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A bachelor’s degree in language won't get you far these days in the United States, if you are not a native speaker. Even if you are a native speaker, too many American companies will not pay for that learned skill. Trust me, I know. I have been there and done it too many times to care to count. As a non-native speaker of your foreign language, too many U.S. managers and supervisors with minimal knowledge of a foreign language, if any knowledge at all, consider the native speaker the default. It doesn't seem to matter what level of education the non-native speaker may have. He/she is always considered the lesser of the two. Your accepted native speaker might not even have a college degree or much formal training, but the native speaker, no matter how poor his/her language acquisition is, will be considered better than yours, until some other highly esteemed native speaker in the language spills the beans, which is not likely to happen.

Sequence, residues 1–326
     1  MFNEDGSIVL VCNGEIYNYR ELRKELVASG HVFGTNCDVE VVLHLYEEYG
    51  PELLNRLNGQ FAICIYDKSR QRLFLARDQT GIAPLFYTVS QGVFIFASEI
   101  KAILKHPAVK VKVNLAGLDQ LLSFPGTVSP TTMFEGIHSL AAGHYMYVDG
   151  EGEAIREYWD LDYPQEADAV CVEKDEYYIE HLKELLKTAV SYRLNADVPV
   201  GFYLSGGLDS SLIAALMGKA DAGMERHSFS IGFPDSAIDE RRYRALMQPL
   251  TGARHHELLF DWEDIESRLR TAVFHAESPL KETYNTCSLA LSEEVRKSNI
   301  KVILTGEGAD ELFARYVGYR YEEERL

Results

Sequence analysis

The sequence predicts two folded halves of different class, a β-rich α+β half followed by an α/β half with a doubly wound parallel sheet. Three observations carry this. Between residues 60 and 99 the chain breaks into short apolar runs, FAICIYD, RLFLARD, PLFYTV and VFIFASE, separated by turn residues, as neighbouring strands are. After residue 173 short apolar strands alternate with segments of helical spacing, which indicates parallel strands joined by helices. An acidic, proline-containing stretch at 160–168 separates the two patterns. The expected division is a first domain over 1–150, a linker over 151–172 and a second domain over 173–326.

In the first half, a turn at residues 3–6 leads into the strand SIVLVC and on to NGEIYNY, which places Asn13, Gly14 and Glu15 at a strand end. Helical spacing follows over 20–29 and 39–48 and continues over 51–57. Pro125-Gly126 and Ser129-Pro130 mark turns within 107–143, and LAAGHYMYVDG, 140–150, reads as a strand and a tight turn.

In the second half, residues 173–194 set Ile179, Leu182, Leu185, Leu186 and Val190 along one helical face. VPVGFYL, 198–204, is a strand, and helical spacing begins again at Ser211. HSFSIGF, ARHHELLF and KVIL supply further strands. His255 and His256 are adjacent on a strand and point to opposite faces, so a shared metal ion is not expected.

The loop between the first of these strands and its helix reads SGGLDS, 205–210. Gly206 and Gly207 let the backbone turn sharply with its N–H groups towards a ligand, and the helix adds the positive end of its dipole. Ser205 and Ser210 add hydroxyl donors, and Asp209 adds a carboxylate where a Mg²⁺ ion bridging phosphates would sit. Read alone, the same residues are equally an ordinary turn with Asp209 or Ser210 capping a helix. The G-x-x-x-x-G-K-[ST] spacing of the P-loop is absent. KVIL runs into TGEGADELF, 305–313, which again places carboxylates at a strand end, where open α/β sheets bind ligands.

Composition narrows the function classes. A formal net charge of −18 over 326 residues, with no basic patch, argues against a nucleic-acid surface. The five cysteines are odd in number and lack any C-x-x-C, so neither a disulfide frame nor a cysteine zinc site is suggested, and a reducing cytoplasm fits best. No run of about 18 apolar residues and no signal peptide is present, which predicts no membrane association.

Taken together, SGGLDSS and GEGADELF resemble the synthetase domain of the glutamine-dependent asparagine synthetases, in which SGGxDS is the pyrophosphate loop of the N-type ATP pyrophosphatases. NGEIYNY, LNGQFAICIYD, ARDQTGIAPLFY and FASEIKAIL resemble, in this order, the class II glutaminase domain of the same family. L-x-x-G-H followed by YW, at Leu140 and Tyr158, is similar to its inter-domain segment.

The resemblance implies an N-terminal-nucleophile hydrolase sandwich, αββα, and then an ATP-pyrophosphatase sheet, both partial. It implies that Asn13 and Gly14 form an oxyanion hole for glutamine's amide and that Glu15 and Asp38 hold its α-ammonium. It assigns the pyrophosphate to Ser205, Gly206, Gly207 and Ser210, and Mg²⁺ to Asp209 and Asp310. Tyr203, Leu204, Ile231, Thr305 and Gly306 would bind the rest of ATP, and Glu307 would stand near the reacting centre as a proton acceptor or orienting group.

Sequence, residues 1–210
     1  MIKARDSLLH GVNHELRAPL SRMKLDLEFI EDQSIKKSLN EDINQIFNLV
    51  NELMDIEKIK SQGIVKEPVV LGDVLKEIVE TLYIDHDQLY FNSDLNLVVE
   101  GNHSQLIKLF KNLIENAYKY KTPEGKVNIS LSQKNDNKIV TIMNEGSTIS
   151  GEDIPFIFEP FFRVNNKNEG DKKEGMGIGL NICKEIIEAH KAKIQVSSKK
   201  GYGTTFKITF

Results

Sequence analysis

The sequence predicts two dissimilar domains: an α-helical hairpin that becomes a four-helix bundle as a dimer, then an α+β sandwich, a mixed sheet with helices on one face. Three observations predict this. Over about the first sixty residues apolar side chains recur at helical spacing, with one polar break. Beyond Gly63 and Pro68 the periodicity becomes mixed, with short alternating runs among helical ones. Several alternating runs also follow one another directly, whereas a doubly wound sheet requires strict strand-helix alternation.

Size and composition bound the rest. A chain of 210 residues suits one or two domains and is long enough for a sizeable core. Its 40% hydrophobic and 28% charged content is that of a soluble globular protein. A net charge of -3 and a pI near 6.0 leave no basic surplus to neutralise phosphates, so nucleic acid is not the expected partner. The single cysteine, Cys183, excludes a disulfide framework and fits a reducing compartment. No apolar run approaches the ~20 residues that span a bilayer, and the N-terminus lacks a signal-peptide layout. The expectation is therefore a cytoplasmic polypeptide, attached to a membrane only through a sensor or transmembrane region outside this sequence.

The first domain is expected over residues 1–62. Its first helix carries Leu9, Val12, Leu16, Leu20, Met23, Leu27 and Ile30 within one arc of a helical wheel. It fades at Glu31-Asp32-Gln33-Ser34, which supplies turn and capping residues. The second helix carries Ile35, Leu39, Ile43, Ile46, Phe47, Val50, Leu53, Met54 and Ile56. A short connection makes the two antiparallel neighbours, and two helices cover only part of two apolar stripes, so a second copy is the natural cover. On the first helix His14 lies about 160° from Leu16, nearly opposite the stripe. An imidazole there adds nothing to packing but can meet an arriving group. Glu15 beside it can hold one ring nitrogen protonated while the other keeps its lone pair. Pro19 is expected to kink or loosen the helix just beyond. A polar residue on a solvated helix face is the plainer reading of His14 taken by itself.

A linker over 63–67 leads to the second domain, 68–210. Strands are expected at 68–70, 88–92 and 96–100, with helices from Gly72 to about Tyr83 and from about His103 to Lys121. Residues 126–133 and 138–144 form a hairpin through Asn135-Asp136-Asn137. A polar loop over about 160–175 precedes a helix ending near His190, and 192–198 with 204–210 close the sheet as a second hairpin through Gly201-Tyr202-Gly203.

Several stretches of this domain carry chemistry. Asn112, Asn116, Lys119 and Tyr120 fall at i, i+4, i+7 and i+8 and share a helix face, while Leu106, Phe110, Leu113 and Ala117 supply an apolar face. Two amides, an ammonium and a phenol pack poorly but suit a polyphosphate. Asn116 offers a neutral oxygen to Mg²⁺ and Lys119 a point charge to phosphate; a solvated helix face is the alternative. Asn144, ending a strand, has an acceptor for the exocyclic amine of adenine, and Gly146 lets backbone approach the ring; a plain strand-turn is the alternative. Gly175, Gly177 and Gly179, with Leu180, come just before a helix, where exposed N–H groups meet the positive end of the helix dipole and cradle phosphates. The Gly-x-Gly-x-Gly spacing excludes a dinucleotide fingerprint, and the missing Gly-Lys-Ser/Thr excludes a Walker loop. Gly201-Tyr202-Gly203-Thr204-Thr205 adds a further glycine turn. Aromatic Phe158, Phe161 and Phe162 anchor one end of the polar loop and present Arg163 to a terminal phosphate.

Thus, going abroad, for the non-native speaker whose native language is English, is a definite option. If you want to work for an American corporation abroad, foreign language is an enhancer, but not the job. For that, you will need some expertise in some business field. For those who have the foreign language without business degrees, in many places you can teach English as a Second Language. There is also the possibility of the Peace Corps.
The bottom line is the foreign country that interests you. However, most of the time, that country will only give you a work visa if you have a skill lacking in that country and a contract for employment . Just the same, this is one way of getting to know the people and their culture at their level. Try It. Enhance your own world. A word of warning. Do not try to work in a foreign country without a work visa from that country..